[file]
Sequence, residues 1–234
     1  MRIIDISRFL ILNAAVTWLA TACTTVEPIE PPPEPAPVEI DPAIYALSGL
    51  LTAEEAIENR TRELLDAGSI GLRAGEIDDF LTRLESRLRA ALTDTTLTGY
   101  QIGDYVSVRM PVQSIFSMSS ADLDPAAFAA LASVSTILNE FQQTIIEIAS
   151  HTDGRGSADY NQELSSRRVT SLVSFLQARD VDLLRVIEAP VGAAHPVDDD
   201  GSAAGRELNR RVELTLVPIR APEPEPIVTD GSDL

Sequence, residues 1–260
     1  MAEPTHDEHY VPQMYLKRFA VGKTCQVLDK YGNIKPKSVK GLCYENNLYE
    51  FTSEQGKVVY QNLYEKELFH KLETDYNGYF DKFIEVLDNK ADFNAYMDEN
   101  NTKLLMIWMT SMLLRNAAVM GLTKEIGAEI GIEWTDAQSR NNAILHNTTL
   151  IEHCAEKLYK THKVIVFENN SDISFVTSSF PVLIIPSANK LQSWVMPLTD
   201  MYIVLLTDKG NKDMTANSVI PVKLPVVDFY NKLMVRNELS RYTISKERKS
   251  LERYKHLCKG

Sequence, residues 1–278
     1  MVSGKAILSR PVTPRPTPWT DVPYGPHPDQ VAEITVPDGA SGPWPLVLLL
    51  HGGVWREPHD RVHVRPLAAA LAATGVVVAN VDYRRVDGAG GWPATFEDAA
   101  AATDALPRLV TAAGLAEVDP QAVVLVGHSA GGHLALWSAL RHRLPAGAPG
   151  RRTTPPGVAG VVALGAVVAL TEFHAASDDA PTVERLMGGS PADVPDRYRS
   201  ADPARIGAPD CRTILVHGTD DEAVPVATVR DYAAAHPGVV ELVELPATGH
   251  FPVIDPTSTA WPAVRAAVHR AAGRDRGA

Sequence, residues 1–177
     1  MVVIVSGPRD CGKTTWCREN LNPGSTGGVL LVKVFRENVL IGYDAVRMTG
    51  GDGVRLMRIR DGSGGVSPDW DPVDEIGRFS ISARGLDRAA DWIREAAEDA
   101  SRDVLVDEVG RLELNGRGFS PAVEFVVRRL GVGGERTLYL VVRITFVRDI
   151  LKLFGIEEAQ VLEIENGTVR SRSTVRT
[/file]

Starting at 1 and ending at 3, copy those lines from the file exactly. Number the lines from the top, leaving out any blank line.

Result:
Sequence, residues 1–234
     1  MRIIDISRFL ILNAAVTWLA TACTTVEPIE PPPEPAPVEI DPAIYALSGL
    51  LTAEEAIENR TRELLDAGSI GLRAGEIDDF LTRLESRLRA ALTDTTLTGY